Exploring Earth From Space: Tanezrouft Basin

Tanezrouft Basin

This image, also featured on the Earth from Space video program, was captured on January 12, 2020 by the Copernicus Sentinel-2 mission – a two-satellite mission to supply the coverage and data delivery needed for Europe’s Copernicus program. Credit: Contains modified Copernicus Sentinel data (2020), processed by ESA, CC BY-SA 3.0 IGO

The Copernicus Sentinel-2 mission takes us over the Tanezrouft Basin – one of the most desolate parts of the Sahara Desert.

Zoom in to see this image at its full 10 m resolution or click on the circles to learn more about the features in this image.

Tanezrouft is a region of the Sahara lying in southern Algeria and northern Mali. The hyperarid area is known for its soaring temperatures and scarce access to water and vegetation, a reason why it’s often referred to as the ‘Land of Terror’. There are no permanent residents that live here, only occasional Tuareg nomads.

The barren plain extends to the west of the Hoggar mountains and southeast of the sandy Erg Chech. The terrain shows evidence of water erosion that occurred many years ago, when the Sahara Desert’s climate was much wetter, as well as wind erosion caused by frequent sandstorms – exposing ancient folds in the Paleozoic rocks.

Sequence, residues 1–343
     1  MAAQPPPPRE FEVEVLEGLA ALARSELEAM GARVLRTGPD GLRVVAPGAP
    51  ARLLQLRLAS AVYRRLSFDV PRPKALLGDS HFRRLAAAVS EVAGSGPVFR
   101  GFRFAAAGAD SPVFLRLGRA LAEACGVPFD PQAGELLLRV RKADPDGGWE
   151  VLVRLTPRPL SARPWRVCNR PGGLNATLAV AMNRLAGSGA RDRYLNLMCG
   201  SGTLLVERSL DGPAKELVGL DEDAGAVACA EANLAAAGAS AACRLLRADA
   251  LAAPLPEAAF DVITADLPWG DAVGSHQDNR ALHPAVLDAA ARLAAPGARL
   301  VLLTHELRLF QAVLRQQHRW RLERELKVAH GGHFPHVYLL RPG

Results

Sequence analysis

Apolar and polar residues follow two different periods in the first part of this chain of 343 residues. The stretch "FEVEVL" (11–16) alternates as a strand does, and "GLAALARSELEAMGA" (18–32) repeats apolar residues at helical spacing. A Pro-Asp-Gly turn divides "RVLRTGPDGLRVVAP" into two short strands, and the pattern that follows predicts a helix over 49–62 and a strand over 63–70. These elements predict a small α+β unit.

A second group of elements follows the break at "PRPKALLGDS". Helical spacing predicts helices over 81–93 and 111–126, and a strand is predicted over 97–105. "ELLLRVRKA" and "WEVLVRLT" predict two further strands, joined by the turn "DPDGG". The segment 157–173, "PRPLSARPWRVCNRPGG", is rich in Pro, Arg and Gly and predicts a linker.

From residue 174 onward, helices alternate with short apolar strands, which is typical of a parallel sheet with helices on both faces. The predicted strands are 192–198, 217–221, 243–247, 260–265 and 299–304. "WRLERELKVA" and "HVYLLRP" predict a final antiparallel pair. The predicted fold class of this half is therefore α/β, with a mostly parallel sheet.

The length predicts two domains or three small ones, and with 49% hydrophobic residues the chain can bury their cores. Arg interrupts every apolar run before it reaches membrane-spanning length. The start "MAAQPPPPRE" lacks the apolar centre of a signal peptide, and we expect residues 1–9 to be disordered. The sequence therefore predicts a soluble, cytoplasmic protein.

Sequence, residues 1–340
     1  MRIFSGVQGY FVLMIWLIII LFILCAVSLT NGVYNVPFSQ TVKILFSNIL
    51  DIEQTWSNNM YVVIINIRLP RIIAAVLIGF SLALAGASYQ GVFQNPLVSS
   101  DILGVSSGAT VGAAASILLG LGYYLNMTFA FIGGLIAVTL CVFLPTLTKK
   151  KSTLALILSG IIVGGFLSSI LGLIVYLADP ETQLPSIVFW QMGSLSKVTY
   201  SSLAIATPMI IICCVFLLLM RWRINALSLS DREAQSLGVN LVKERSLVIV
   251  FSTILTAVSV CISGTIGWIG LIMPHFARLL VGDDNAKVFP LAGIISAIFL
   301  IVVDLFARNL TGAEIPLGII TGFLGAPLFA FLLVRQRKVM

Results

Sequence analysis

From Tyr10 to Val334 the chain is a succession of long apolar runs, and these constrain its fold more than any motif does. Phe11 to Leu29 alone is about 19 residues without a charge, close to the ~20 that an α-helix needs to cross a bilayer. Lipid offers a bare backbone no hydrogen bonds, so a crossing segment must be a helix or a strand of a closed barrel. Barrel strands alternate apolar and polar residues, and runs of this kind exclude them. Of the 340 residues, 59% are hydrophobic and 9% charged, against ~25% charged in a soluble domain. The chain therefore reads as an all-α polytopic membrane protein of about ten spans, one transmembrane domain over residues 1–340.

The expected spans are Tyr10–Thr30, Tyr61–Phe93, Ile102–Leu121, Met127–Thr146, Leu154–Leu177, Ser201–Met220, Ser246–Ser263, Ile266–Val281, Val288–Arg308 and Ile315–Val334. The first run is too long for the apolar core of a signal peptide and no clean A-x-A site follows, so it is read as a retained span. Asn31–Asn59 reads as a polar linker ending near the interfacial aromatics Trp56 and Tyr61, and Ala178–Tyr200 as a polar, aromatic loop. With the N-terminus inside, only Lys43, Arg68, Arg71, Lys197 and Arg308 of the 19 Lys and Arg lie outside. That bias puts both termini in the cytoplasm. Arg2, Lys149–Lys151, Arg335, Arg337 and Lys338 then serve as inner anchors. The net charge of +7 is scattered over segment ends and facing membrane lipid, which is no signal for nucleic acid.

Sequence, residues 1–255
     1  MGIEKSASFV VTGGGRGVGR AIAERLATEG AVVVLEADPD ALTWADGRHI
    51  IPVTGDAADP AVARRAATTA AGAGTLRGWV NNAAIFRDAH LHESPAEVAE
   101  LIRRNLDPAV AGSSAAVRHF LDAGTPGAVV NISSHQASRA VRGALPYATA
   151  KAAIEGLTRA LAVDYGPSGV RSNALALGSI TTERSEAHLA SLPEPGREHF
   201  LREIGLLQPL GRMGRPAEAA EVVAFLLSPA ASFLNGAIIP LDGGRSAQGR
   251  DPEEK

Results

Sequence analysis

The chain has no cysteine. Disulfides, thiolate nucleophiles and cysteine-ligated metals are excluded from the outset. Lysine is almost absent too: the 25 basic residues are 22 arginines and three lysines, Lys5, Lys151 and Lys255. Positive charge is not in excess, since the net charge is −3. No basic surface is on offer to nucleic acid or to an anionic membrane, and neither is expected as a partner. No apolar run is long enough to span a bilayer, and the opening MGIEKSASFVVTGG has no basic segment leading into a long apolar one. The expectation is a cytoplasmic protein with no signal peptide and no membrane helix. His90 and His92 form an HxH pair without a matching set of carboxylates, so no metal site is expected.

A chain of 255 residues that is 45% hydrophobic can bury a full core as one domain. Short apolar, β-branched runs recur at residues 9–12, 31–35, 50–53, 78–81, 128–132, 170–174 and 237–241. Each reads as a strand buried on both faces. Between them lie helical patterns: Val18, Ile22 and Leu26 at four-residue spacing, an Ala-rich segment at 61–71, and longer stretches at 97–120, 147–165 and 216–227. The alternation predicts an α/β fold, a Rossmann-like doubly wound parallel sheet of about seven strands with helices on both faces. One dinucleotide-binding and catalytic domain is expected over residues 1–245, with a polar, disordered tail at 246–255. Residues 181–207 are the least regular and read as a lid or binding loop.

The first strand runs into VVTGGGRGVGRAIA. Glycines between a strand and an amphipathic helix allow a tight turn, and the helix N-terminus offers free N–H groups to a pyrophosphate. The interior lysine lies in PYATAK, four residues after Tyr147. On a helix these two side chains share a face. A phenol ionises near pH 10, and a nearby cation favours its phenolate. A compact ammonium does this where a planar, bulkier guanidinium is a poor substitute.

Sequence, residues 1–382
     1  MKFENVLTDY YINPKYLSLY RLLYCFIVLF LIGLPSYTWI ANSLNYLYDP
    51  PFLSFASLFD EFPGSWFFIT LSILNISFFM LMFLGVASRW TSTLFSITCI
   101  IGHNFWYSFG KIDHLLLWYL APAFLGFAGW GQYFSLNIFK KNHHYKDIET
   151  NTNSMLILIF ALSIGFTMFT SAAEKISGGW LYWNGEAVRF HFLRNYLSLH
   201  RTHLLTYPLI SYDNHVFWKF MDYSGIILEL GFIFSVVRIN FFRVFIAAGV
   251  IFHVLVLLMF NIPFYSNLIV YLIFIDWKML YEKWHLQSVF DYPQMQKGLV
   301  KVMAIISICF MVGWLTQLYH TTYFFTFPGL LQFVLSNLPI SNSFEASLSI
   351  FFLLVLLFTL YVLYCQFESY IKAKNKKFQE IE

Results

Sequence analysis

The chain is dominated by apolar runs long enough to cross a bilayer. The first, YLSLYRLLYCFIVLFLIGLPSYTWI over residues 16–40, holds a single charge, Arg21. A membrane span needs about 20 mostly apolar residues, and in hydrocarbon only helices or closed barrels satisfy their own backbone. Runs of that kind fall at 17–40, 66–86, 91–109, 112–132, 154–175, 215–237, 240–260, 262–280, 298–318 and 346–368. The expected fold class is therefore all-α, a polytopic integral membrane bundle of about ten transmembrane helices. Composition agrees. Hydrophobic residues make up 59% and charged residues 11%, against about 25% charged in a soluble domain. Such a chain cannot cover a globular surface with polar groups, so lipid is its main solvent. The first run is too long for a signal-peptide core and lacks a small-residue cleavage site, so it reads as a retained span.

The region is characterised by dark sandstone hills, steep canyon walls, salt flats (visible in white in the image), stone plateaus and seas of multi-story sand dunes known as ‘ergs’. Concentric rings of exposed sandstone strata create a stunning pattern predominantly visible in the left of the image.

White lines in the right of the image are roads that lead to In Salah – the capital of the In Salah Province and In Salah District. Just above the center-left of the image, an airstrip can be seen. An interesting, grid-like pattern can be seen in the bottom of the image and mostly consists of human-made clearings and roads.

This image was captured on January 12, 2020, by the Copernicus Sentinel-2 mission – a two-satellite mission to supply the coverage and data delivery needed for Europe’s Copernicus programme. 

1 Comment on "Exploring Earth From Space: Tanezrouft Basin"

  1. The “interesting feature” — a grid-like pattern — at 2:15 in the movie cannot be seen in the GoogleEarth Landsat imagery. Inasmuch as the lines go across the topography without deviation, I suspect it is not a man-made ground feature, but instead, some sort of electronic noise or processing artifact!

Leave a comment

Email address is optional. If provided, your email will not be published or shared.